MANILA, Philippines — The Department of Education (DepEd) said it is finding viable means to address the growing debt of public school teachers, which has reached a staggering P300 billion as of last year.
In a statement yesterday, the agency said it is relentless in its pursuit to protect its employees and their families from financial and legal implications of non-payment of debt.
It noted that around 23,000 teachers retired this year without receiving pension due to unpaid debts.
Among other solutions, DepEd sees the need to curb the culture of over-borrowing by continuously conducting financial literacy seminars.
“DepEd is also exploring measures that will enable its teaching and non-teaching personnel to manage their finances today and prepare for a comfortable future. Among these are the reduction of interest rates on loans through the expansion of the Provident Fund and coordination with the Government Service Insurance System (GSIS) on a loan buyout,” the statement read.
A loan buyout, DepEd pointed out, will allow a restructuring of loans and provide teachers with lower interest rate on a longer payment term.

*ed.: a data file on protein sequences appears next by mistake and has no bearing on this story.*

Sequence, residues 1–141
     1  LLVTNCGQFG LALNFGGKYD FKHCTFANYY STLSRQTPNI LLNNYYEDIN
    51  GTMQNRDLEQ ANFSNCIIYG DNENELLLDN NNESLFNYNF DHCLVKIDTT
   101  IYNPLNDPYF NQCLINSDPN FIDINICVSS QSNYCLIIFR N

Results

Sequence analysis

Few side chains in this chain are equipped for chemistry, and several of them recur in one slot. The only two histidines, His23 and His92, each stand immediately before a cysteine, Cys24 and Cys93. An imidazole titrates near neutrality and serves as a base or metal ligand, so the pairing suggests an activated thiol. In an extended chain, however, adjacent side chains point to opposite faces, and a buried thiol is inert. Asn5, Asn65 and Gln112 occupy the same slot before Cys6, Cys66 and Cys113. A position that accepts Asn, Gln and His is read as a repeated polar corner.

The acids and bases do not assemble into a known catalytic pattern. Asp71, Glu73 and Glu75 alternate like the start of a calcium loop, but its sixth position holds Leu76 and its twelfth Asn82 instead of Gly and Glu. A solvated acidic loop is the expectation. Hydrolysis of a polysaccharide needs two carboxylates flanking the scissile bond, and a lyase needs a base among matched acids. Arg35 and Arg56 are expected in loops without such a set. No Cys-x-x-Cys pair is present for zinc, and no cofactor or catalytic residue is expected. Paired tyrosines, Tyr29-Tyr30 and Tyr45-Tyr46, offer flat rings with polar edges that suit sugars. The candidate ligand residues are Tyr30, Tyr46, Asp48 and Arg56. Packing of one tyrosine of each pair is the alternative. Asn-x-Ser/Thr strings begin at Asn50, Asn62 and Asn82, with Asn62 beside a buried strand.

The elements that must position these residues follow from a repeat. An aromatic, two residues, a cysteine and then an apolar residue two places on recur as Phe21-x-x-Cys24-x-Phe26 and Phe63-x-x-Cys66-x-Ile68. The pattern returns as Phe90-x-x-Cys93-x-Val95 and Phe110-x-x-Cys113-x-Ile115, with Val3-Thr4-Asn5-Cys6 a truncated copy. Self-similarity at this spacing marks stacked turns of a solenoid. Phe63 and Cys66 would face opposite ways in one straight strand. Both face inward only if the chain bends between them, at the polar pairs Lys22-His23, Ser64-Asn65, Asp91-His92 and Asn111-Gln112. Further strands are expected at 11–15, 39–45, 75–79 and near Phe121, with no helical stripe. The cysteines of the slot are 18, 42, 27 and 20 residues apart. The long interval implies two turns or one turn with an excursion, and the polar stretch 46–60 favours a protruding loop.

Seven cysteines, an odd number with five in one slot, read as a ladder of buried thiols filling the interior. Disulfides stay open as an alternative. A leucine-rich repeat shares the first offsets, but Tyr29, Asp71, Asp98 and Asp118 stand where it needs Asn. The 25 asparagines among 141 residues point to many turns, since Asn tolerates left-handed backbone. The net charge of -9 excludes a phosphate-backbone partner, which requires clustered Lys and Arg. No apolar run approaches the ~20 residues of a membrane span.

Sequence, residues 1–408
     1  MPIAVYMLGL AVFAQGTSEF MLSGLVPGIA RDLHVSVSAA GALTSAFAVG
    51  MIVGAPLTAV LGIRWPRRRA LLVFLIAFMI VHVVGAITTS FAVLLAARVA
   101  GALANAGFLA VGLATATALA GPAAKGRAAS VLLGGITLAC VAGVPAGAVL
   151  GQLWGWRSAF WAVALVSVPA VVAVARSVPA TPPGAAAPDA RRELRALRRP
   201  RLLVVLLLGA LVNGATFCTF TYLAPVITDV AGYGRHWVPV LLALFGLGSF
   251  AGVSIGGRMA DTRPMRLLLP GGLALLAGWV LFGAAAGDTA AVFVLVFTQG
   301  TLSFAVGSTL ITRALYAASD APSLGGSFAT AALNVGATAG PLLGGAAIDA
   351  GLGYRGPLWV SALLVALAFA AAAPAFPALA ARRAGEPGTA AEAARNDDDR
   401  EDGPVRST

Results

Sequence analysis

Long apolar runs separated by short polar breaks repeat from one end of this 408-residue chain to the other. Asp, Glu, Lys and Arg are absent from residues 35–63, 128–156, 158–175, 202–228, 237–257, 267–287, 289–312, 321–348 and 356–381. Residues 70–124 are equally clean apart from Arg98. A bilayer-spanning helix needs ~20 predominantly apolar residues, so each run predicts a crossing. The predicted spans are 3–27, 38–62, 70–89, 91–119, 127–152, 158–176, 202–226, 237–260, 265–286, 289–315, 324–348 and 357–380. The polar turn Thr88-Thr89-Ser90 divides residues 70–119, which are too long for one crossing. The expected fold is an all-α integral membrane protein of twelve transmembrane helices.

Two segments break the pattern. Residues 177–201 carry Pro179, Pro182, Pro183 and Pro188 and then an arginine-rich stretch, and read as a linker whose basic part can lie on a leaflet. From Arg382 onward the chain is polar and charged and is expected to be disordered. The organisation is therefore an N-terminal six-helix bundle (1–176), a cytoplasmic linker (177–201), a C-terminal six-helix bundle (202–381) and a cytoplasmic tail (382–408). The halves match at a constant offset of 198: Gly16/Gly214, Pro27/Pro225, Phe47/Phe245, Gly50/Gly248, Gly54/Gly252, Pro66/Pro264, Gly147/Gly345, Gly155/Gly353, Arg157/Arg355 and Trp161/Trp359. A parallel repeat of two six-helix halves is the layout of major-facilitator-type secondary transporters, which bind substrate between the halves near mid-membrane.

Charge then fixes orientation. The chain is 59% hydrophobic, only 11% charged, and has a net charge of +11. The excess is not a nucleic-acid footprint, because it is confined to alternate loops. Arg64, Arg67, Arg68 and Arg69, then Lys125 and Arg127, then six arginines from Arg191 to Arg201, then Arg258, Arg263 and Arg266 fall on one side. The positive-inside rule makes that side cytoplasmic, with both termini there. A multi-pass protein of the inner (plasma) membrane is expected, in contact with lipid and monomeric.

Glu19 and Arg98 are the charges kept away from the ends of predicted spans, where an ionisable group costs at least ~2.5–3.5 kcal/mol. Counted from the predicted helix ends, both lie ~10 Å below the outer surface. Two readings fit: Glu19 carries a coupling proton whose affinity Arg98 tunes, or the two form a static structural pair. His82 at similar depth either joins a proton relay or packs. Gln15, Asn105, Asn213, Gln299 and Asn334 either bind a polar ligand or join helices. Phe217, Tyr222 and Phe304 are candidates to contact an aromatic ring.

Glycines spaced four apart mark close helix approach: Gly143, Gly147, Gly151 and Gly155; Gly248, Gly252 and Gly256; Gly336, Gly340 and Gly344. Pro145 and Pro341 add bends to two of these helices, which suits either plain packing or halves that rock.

Earlier, data it released showed that teachers have incurred P178 billion worth of loans from private lending institutions and P123 billion worth of credits due to GSIS.
With the mounting debt, Education Secretary Leonor Briones issued a department order allowing a deduction of existing obligations despite the P4,000 net take-home-pay threshold set by the law.
Teachers protested and complained of receiving meager salaries way below the threshold, prompting the secretary to repeal the order and mandate the observance of a minimum limit.
The new order will also give first order of preference in salary deduction for the payment of employees’ contributions or obligations to the GSIS and Home Development Mutual Fund, as well as the Bureau of Internal Revenue and the Philippine Health Insurance Corp.
DepEd said it duly recognizes the intent of lawmakers representing Alliance of Concerned Teachers party-list to probe the repealed order.
“The damage of over-borrowing on the lives of teachers and their families has been going on for years and it can no longer continue. The department is steadfast in its commitment to enable its personnel to truly reap the fruits of their hard work,” DepEd said.
Source: The Philippine Star
By Janvic Mateo | Updated October 29, 2017